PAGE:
Over the past year or so, stories of blatant plagiarism have become a common piece of conversation in Zimbabwean social media circles. Local bloggers have been victims to what they claim outright theft of their journalistic and creative works, with the mainstream media being the main culprit.
Techzim for instance, has discovered volumes of its articles republished without permission nor attribution on The Manica Post and The Chronicle. In some cases, new media publishers have also been in the mix and recently, Techzim also discovered an original photo cropped, resized and reused – all without permission or attribution – by New Zimbabwe, a UK based news publisher.
In the case of New Zimbabwe, the photo was cropped to remove the Techzim watermark seal that says “this is Techzim’s intellectual property” which in our eyes translates to mischievous theft.
This sort of nonsense was also observed from The Herald Sport when they cropped, edited and re-published a photo belonging to Schools Sports Network (ssn.co.zw), another new media publisher focusing on schools sports.
Both the Techzim and SSN issues were eventually resolved with an apology but because blatant plagiarism is still happening locally and appears increasingly frequent, it is clear there’s a huge ethics and culture rift between legacy media and new media.
Just recently, Pindula.co.zw discovered its well-researched article titled “13 Actors Flying Zimbabwe’s Flag High” in The Herald Entertainment. On lodging a complaint to The Herald, they were told that The Herald Entertainment had done nothing wrong as they had attributed the article to Pindula.com.
This is not true. The footer of the Sunday Mail article had Toppindula.com instead of top.pindula.co.zw as the source. On the web version of the article on the Sunday Mail did not have a supporting link to the original source. This meant that readers could not visit the original source of the article because there was no link and the “attribution text” was done wrong.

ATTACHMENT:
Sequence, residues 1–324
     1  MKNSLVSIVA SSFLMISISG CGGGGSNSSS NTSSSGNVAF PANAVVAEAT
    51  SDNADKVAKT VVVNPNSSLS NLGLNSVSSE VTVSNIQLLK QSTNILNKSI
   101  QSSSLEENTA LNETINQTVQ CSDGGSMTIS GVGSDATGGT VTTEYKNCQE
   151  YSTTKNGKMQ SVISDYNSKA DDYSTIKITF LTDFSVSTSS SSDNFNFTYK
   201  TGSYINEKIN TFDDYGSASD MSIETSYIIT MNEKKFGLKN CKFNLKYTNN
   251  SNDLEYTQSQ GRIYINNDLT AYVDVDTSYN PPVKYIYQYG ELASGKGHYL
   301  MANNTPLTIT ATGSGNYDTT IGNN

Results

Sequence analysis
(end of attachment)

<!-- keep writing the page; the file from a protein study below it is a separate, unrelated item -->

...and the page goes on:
This sort of sloppiness only shows that The Herald Entertainment only cares about grabbing great content. Crediting the source property is not priority.
The irony of all this, especially when old media is concerned, is they have for decades used material from news agencies like Reuters, freelance journalists and freelance photographers. They have done a fairly good job in crediting the sources and paying accordingly, but all changes when it comes to internet bloggers.
Fungai Machirori, founder of Her Zimbabwe thinks it’s a culture clash where on the one hand old media thinks they are doing bloggers a favour by giving them an audience, and on the other hand, bloggers rightly see themselves as alternative media directly competing with incumbent media companies like The Herald.
“It also seems like an undermining of what is called citizen journalism or blogging in Zimbabwe. There seems to be this clear division between who can be called a journalist.
A journalist works in a newsroom for a news media organisation and if you are doing your blogging or citizen journalism, people don’t see that we the same level of prestige or they don’t honour it in the same way. So I think it’s an issue of perception of the local citizen journalist space were if you would not do that to AFP or Reuters, why would you do that to a local person?” She said.
Permission, permission, permission. Media companies need to respect the original creator and seek permission first.
“If you want to edit something, ask. I want to republish something, can I edit something and tailor it to this and that”, said Machirori.
Fungai Machirori also recommends that media houses first give the original content creator enough time to for its traffic cycle.
“A lot of the time what you’ll find is people will take content which has been posted 12 hours ago. You need at least 3 days for a content cycle to go through from the initial burst and the people who come on 3 days after. Then after 3 days, I think it’s only courteous for you to say can I republish this content and maybe give it new life on your platform”. She said.
If all ethics, courtesy and being human fails, Fungai says publishers can approach the Voluntary Media Council of Zimbabwe and file a complaint against the plagiariser. However, because the Media Council is voluntary, there is no real punishment for the offender.
“What we are starting to hear more people agitate for is payment. Payment is almost the only way that you’ll get the media to really understand that you can’t abuse content and get away with it through an apology in tomorrow’s paper.” Said Fungai Machirori.
Plagiarism has been topical in the new media circles in Zimbabwe. Techzim, TBWA Zimbabwe and AMH will be host a new media focused conference called Digital Future to help bring conversation on how media has evolved under the influence of the internet and to explore best practice both in terms of business models and content protection.
Digital Future will be held on the 17th and 18th of March 2015 at Cresta Lodge, Sango Conference Centre in Harare.
image credit: Savannah State Unversity Library